Tuesday, December 1, 2009

Toby Flood makes instant impact on Leicester return

It is easy to forget, in all the hullabaloo that has accompanied England’s tortuous progress in the autumn internationals, that the team who finished second in last season’s RBS Six Nations rugby Championship were very different from the sides fielded this month.

Toby Flood, for instance, wore the England No 10 shirt in their last three Six Nations outings — the single-point defeat in Ireland to the eventual grand-slam winners and the crushing wins over France and Scotland.

On Saturday the 24-year-old, who grew up in Jonny Wilkinson’s shadow at Newcastle Falcons but will re-emerge as a threat to Wilkinson for the 2010 Six Nations rugby, made his first start since a six-month layoff for a ruptured Achilles tendon.

“I have always been excited about coming back at such a crucial stage of the season for Leicester, both in the Premiership and the Heineken Cup,” Flood said. “I didn’t let missing the autumn internationals frustrate me because I always knew I was not going to be fit for them.”

“It was nice to get out there again for my first full game back today, after two previous games coming off the replacements’ bench, and although it took a little while to get my head around all the different calls again it went well and I enjoyed it.

I like to take people on and run from my own line and, if England do not agree with that style of rugby, I am not their man." England may not be playing well, but their two home matches in next year's Six Nations hospitalityare already sell-outs and all the hospitality for the first game, against Wales in February, have been taken. Australia and New Zealand are not so fortunate commercially and they will express their concerns about the stagnancy of the game on the field at this weekend's gathering of the International Rugby Board's general assembly in Dublin, followed by a meeting of the council.

“The offload to Jordan, which led to our second try, was especially pleasing because it showed that my rugby instincts are still there. That was definitely a case of seeing something in front of me, and going with it. It wasn’t a planned move.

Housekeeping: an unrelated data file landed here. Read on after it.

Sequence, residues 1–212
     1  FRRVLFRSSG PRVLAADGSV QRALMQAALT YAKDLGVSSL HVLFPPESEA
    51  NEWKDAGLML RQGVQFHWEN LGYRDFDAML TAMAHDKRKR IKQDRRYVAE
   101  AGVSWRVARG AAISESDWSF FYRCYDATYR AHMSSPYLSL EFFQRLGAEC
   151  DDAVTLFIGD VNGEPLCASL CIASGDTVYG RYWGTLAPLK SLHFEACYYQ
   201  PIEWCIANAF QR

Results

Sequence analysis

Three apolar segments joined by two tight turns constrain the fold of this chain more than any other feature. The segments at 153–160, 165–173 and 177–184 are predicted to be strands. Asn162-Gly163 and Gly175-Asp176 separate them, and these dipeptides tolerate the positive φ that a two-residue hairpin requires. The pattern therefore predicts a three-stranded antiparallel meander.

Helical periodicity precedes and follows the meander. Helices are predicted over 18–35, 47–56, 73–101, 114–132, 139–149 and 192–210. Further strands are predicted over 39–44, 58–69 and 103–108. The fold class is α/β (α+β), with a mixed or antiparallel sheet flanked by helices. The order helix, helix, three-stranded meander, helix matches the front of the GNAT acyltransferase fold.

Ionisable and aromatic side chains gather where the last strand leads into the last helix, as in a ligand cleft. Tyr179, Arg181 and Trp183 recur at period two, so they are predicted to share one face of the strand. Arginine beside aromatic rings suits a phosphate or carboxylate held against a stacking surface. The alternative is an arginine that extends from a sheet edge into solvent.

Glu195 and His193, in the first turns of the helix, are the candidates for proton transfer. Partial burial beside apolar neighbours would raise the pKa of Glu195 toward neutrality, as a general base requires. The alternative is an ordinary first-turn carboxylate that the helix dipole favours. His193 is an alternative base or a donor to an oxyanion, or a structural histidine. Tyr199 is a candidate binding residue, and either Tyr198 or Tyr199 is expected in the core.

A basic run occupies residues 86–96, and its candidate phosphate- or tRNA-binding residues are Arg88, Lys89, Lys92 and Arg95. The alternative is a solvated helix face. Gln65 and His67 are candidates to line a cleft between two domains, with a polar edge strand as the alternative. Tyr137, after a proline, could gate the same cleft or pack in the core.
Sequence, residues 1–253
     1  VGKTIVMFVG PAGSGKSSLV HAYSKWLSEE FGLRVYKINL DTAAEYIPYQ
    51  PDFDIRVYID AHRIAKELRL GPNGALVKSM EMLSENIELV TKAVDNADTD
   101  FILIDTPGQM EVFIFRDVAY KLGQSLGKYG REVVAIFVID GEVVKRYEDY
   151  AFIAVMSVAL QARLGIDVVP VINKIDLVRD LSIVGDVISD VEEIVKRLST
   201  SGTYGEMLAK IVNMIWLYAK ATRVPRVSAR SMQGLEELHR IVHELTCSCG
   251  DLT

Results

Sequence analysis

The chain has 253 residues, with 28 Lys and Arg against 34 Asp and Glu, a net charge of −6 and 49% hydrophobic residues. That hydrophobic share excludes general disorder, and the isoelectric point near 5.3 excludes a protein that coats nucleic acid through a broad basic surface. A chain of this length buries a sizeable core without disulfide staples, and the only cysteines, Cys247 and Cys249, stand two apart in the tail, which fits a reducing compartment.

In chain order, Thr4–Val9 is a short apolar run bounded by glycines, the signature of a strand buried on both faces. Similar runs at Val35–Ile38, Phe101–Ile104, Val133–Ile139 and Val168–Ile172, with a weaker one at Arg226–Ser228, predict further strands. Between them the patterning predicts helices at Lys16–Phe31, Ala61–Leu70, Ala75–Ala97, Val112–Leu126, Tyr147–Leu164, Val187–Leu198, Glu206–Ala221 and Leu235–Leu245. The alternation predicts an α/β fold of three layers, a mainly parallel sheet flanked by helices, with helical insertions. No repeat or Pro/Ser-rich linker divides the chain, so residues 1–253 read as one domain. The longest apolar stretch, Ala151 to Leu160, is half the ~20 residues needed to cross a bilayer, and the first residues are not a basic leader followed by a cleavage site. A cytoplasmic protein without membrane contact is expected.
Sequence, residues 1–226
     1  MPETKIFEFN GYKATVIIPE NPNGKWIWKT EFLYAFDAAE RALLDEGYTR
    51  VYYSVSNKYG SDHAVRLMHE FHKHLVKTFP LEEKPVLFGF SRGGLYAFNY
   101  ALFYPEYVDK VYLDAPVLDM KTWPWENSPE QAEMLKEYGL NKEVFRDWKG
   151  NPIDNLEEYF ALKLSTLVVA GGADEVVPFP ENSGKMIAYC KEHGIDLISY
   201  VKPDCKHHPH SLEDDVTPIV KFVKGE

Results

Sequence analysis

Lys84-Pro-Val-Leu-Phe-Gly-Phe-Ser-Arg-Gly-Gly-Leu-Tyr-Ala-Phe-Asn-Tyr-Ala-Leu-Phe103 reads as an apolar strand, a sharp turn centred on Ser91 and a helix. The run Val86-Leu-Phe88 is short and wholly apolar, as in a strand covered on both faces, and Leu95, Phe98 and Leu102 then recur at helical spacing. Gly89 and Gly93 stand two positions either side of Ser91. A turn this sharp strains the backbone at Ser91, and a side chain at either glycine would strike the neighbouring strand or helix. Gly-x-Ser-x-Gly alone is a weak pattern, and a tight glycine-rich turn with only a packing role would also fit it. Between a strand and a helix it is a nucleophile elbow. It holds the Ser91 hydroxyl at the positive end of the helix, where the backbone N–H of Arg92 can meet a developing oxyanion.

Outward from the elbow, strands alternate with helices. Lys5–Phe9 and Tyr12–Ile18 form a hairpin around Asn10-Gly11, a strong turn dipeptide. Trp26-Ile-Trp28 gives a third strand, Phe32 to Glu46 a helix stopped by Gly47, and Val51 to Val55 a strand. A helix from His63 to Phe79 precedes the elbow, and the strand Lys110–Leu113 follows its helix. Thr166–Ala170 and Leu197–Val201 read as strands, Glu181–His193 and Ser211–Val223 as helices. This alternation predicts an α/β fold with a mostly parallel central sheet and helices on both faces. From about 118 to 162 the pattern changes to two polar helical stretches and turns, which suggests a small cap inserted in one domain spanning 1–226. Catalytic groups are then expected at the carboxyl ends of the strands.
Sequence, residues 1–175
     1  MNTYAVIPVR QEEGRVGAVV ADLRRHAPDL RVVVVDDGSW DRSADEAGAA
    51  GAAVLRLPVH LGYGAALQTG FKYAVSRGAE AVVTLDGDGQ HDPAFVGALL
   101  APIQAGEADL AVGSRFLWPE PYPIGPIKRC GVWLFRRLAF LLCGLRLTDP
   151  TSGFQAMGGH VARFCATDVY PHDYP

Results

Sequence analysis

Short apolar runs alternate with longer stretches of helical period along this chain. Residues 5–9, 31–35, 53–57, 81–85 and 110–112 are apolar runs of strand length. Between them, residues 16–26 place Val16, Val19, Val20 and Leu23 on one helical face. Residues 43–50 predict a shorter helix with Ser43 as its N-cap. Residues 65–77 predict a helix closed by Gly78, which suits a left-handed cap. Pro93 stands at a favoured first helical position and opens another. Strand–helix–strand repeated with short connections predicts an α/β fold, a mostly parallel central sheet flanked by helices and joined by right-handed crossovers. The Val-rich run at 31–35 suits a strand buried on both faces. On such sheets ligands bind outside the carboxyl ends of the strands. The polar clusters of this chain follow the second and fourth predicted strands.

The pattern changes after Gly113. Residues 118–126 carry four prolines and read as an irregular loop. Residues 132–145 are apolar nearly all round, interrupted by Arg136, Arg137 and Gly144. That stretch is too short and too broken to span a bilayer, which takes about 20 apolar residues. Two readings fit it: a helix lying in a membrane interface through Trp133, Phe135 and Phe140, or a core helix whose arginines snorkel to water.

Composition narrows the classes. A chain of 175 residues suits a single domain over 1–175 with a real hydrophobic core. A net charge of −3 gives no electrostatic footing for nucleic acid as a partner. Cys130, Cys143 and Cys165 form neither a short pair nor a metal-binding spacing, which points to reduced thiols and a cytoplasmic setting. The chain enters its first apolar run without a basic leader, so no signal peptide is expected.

“It is a schedule of games which is crucial to our season on both fronts, as Lewis Moody underlined to the squad when he spoke to us all in midweek following his return from England duty, and I’m delighted to be back in time to play my part in it.”

Moody was in rollicking form throughout, despite a ten-minute spell in the sin-bin during the first half, when he was penalised for killing the ball. His try near the end — a 40-metre sprint for the line after Scott Mathie had spilt the ball in the tackle — was both a fitting reward for his industry and for his uncanny ability to be first to the loose ball.

Leicester’s first try was awarded to them by the referee, after Leeds offended again at a five-metre scrum, and Brett Deacon — on for Tom Croft, whose knee injury is not thought to be serious — was driven over near the posts.

Alesana Tuilagi, another back from a lengthy injury lay-off, came off the bench to set up Flood’s try with a typically powerful incision into the opposition ranks.

Leeds lost Ceiron Thomas, the fly-half, to a leg injury suffered in the warm-ups, but his replacement, 19-year old Joe Ford, coped extremely well with a testing Premiership debut and kicked two nerveless goals to give his team, albeit briefly, a hard-won first half lead.

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